Polly: Staying Alive
A trans reader responds to one of the points I raised in a recent 10 Things email.
I received this email after I published last Friday’s 10 Things email. Reading it made me realise that this perspective and voices like Polly’s are missing from this ‘debate’, and I was glad for the opportunity to reconsider the way I think about and discuss this issue. So I asked Polly if I could publish her letter in full, which is what I’m sharing today.
Looking Sideways is proudly ad-free, and reader and listener supported. Thanks to all my paid subscribers, who help keep the podcast and newsletter free for everybody. To join the thousands of people who receive this newsletter every week, and support Looking Sideways with a free or paid subscription, click below:
So this email may wind up being rambly as I'm on a train. But having received the latest 10 Things mail this morning, I wanted to reach out about my reality and the ongoing debate about my right to exist that is being passed off as a philosophical debate across society.
My name is Polly. I am a 48 year old transwoman. I work as a bike messenger and I have surfed since I was 17. I was taught to surf by old school Irish watermen who were also mentors in a two-year outdoor instructor apprenticeship. I have never competed in anything as I have no interest in competition, and I have no desire for the only safe places I've ever known to be turned into mirrors of society.
When I transitioned, I lost a 20-year career in outdoor education which also included the loss of people that I had spent years travelling with both to surf and kayak rivers. Do I regret it? Not at all. In myself, I'm the happiest I've ever been. I still surf, I still sail and I can ride a bike like a maniac.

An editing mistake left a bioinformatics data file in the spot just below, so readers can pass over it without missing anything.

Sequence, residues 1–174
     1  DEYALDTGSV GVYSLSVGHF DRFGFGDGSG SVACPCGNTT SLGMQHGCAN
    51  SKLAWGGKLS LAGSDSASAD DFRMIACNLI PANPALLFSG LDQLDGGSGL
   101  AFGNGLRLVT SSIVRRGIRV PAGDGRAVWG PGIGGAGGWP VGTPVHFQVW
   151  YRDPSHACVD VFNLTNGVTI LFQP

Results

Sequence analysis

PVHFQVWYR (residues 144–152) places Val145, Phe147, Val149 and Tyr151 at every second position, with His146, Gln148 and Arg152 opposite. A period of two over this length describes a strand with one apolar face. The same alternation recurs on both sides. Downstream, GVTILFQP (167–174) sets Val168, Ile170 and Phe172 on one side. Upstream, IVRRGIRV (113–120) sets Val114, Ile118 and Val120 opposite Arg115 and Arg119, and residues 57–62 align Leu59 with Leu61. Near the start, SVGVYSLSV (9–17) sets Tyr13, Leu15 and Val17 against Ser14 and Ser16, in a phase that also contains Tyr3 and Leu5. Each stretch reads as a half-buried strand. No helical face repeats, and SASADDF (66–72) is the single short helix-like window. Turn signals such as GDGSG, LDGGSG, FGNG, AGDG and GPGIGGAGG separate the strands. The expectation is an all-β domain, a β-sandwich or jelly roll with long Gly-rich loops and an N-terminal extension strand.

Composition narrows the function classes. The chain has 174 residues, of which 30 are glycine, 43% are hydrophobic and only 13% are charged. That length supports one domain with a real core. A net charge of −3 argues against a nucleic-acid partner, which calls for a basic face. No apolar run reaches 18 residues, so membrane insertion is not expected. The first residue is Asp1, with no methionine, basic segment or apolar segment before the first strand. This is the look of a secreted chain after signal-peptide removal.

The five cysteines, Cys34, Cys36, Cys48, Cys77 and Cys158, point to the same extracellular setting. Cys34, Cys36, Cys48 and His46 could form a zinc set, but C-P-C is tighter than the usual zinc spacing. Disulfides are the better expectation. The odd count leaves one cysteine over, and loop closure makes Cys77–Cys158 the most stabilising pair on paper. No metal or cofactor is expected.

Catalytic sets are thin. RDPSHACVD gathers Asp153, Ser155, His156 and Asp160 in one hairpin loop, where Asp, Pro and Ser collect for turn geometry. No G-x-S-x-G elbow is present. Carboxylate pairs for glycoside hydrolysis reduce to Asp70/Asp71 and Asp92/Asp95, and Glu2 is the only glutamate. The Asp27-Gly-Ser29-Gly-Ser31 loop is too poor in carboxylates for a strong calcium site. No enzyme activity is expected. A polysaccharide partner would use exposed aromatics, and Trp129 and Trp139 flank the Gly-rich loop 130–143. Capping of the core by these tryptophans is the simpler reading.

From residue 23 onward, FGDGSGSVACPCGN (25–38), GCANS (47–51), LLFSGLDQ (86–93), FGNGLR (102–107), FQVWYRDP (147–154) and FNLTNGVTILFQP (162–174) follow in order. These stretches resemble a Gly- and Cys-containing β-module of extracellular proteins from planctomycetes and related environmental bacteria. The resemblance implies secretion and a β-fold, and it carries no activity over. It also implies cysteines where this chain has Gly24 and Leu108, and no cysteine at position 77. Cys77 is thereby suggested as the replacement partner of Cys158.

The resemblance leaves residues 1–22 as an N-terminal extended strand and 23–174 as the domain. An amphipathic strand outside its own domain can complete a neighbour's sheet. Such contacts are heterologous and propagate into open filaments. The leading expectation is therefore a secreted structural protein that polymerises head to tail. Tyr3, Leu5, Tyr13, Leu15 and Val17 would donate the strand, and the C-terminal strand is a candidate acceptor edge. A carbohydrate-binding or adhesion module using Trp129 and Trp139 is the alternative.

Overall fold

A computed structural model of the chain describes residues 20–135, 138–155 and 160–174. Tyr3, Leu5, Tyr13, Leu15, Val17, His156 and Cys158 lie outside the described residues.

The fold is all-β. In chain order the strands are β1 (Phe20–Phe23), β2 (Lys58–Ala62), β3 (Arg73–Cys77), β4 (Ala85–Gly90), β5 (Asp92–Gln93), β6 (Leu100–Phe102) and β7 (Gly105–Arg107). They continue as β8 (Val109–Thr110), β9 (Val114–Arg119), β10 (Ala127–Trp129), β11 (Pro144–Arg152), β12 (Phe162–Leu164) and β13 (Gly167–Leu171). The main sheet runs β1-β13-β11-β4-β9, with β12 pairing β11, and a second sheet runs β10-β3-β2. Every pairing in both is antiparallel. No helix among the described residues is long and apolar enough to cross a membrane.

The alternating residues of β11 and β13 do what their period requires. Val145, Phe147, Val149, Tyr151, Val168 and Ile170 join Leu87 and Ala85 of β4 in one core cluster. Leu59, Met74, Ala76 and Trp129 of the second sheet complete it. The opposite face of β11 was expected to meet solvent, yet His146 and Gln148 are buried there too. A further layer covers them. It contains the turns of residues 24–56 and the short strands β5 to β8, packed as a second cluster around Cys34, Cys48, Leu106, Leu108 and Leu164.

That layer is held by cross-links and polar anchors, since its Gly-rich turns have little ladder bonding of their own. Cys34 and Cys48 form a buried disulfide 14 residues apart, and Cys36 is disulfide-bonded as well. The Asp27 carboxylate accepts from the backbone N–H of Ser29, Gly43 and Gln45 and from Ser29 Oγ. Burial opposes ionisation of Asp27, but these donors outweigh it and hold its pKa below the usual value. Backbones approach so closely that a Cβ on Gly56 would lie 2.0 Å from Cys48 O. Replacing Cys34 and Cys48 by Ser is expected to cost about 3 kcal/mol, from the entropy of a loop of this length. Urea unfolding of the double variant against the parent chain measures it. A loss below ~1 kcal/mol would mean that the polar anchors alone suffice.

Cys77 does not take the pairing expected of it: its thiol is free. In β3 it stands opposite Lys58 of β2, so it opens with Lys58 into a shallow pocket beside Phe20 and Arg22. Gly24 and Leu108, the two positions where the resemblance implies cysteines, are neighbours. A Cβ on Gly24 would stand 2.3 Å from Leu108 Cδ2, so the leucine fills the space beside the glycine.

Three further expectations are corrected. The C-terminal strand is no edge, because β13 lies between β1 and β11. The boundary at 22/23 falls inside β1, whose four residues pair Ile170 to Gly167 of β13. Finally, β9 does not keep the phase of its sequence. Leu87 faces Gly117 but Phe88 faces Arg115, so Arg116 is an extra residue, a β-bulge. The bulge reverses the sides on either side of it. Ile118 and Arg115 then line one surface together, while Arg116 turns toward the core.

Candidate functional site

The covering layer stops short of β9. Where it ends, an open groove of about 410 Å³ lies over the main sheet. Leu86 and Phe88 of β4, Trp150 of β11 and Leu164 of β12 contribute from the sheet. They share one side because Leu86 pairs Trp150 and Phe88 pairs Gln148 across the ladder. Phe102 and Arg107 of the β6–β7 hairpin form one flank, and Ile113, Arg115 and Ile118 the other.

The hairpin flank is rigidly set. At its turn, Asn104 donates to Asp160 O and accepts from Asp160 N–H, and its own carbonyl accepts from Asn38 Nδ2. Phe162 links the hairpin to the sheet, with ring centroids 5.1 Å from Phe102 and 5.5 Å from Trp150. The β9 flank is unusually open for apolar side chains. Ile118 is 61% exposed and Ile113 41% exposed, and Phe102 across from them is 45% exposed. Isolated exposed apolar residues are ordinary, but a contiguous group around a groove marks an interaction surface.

The debate stopped being about sport participation a long time ago, if it even ever was. My reality is so far removed from the whole thing that at this point the dissonance created by it is at the point of being overwhelming, and weekly it becomes harder and harder to marry up who I am with how I'm being talked about. It's too late to worry about othering me. I'm already othered. Water, bikes and skateboards taught me everything good about myself, and to be in a place where I’m constantly told I'm not allowed those things is harrowing.
I don’t know if any of this is particularly coherent. What I do know is while people continue to scream that I'm a monster, I'll still be bodysurfing and snorkelling amongst the cold water breaks of Scotland and I'll still be skating and bouldering and living off my bike chasing stoke, and when I do stay still I'll be making hand planes in the back garden.
Got a story you want to run to pitch me? Let me know - I pay for contributions. And if you have any thoughts on today’s post, let me know in the comments.
Thanks for writing , Polly, and for publishing, Matt. Polly, your experience resonates with my observations of three people I love in the world. As they are who they really are, and live happier lives as a consequence, others use their courage and vulnerability as a means to discriminate and bring more cruelty into our already brutal societal norms. Mandela said in his book Long Walk to Freedom “A Nation should not be judged by how it treats its highest citizens, but it's lowest ones”. We are not doing so well on that front. I’m not sure what makes many of us in the dominant culture blind to the fact that most of us regardless of sexuality, gender, race want essentially the same things- to love and be loved, to be safe and financially viable.